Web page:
Calm. That is the word I would use to describe Frank Mir inside the Octagon: calm. Perhaps that seems like a strange word choice for a 260 pound man who has, on more than one occasion, snapped another man's harm like a matchstick, but it is the truth. As a fighter, Frank Mir is calm.
At UFC 140, Mir showed that calmness in his victory over Antonio Rodrigo Nogueira. Dazed after a barrage of punches, Mir found himself on the mat trading submissions with his highly acclaimed submission master opponent. Mir stayed relaxed, fighting through the submission, reversing to his own kimura, and then sinking it in for the win and breaking Minotauro's arm in the process. Ben Thapa broke down the techniques Mir used to gain the submission:
Once that bump into side control is achieved, Mir has the correct angles to get Big Nog's arm into the right positions. He has his left hand pinning Nogueira's right wrist to the ground and his right hand snaking underneath Big Nog's upper arm and locked onto his own left wrist. This is the classic figure four double wristlock that judokas call the reverse ude garami and BJJ players the "kimura". The submission is essentially set now. Mir steps over the head - or at least tries to - and smashes his chest downwards as Nog looks like he knows exactly what is coming and wants no part of it.
From a technical standpoint, it was indeed impressive. But it wouldn't have worked if Mir had not kept his head focused, stayed ready for Nogueira, and fought through his tough spots.
In short, if he had not remained calm.
But for Frank Mir that calmness is a double-edged sword. When used properly, that attitude has propelled Mir to success. We saw it last night against Nogueira, and also against Roy Nelson and Mirko Cro Cop - two other fights where Mir stayed focused and executed his gameplan to win with apparent ease.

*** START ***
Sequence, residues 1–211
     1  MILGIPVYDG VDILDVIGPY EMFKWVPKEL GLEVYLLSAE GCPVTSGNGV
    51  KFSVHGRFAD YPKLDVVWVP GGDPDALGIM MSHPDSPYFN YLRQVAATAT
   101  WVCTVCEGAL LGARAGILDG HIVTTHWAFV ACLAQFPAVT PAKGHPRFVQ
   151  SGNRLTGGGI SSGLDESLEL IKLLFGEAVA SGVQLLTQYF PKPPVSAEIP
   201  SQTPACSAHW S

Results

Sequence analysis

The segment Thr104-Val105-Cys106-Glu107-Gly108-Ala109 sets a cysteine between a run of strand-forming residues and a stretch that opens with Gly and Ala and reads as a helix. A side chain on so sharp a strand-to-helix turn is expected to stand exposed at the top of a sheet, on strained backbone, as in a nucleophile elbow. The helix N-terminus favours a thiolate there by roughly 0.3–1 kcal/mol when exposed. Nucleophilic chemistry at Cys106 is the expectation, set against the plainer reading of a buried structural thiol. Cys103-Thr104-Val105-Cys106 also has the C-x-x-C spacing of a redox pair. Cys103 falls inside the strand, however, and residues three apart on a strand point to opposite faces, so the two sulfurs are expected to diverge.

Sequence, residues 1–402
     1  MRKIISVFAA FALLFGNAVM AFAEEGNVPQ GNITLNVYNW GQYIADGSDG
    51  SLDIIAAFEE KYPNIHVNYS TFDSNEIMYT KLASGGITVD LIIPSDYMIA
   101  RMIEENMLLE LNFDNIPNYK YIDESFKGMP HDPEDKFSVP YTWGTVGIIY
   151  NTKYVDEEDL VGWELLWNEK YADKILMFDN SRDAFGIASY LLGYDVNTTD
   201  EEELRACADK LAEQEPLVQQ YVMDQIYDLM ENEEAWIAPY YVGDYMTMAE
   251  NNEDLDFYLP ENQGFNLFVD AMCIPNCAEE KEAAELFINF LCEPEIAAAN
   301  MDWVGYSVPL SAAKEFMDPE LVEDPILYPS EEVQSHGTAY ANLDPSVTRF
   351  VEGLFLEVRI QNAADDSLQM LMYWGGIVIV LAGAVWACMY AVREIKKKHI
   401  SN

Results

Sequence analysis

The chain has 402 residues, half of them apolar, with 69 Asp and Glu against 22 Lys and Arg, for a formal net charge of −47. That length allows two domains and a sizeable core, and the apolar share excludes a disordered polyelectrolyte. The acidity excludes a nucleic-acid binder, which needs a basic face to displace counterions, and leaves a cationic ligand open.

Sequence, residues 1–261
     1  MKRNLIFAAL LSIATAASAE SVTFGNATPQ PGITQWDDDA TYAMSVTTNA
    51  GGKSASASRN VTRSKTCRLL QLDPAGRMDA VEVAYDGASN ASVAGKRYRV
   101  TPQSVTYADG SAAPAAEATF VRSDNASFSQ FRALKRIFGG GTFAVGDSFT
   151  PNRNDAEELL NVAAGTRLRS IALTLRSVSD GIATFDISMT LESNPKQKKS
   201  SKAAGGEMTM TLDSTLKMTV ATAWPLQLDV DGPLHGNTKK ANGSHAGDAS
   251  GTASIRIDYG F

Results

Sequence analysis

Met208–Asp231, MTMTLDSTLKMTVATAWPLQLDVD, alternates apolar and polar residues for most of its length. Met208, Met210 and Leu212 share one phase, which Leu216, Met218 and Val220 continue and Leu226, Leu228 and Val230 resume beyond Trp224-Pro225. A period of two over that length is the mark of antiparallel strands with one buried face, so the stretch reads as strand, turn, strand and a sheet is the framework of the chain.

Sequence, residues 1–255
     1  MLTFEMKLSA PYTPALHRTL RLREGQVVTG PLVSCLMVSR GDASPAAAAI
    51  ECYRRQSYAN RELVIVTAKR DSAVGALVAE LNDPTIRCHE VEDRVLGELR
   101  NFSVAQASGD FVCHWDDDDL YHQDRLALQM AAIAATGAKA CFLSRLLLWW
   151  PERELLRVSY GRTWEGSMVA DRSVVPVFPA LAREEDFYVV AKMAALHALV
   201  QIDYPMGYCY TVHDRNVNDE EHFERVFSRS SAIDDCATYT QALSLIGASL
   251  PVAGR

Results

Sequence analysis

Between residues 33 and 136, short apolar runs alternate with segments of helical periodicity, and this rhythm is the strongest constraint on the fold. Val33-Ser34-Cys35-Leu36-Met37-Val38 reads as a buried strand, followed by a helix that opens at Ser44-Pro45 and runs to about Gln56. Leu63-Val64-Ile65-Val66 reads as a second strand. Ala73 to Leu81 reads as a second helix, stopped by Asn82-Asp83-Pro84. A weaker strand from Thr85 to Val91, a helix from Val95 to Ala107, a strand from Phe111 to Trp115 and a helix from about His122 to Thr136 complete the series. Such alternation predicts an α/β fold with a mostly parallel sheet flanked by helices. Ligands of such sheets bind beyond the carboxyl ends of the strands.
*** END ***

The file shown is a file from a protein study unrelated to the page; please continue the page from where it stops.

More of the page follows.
Against Brock Lesnar (in the UFC 100 rematch) and Shane Carwin, that calm attitude yielded considerably different results. In both of those fights, Mir faced stronger, more aggressive fighters. Both men were able to get Mir in difficult positions, then bring down a series of blows to stop the fight. And in both instances, Mir remained calm... until it was too late. Trapped against the cage by Carwin, trapped beneath Lesnar's massive frame, Mir stayed relaxed. But as he did so, the blows quickly accumulated, and without even putting up a significant fight to escape the position, Frank Mir was done. In these fights, that calmness became almost complacency, and the fast, heavy hands of Lesnar and Carwin made Mir pay for his lapse.
Now, as Mir prepares to once again make a run at regaining the UFC Heavyweight title that he held years ago, this issue is likely to come up once again. Because the men above him in the UFC are all the same kind of explosive knock-out fighters that have used Mir's calm against him. Cain Velasquez, Junior dos Santos, Alistair Overeem - these are powerful strikers who finish fights, and if they catch Mir, they will pour it on until he is done. As those heavy punches come at him, Mir will surely remain calm, maybe up until the point that he finds himself looking up at a referee waving the fight off.
Can Frank Mir fix this issue? It's likely he can. But will doing so also cost him the ability to focus his attack, grab an opponent's arm and do what he does best? That's a more difficult question. But if he wants that UFC Heavyweight title belt back around his waist, it's a question Frank Mir will need to answer.